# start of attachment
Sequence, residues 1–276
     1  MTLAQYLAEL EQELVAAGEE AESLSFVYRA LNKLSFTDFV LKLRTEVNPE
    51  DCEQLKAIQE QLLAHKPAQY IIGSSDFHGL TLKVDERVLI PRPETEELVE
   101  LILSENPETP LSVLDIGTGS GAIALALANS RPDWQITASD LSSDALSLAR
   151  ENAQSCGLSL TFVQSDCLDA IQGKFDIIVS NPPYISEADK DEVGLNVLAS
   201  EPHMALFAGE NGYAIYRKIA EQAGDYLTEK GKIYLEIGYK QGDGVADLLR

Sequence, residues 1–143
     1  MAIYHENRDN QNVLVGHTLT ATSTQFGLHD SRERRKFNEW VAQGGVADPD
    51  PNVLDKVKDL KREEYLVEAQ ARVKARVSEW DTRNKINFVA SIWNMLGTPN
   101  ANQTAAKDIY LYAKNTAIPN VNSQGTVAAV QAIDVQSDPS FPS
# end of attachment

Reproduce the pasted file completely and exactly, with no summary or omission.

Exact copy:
Sequence, residues 1–276
     1  MTLAQYLAEL EQELVAAGEE AESLSFVYRA LNKLSFTDFV LKLRTEVNPE
    51  DCEQLKAIQE QLLAHKPAQY IIGSSDFHGL TLKVDERVLI PRPETEELVE
   101  LILSENPETP LSVLDIGTGS GAIALALANS RPDWQITASD LSSDALSLAR
   151  ENAQSCGLSL TFVQSDCLDA IQGKFDIIVS NPPYISEADK DEVGLNVLAS
   201  EPHMALFAGE NGYAIYRKIA EQAGDYLTEK GKIYLEIGYK QGDGVADLLR

Sequence, residues 1–143
     1  MAIYHENRDN QNVLVGHTLT ATSTQFGLHD SRERRKFNEW VAQGGVADPD
    51  PNVLDKVKDL KREEYLVEAQ ARVKARVSEW DTRNKINFVA SIWNMLGTPN
   101  ANQTAAKDIY LYAKNTAIPN VNSQGTVAAV QAIDVQSDPS FPS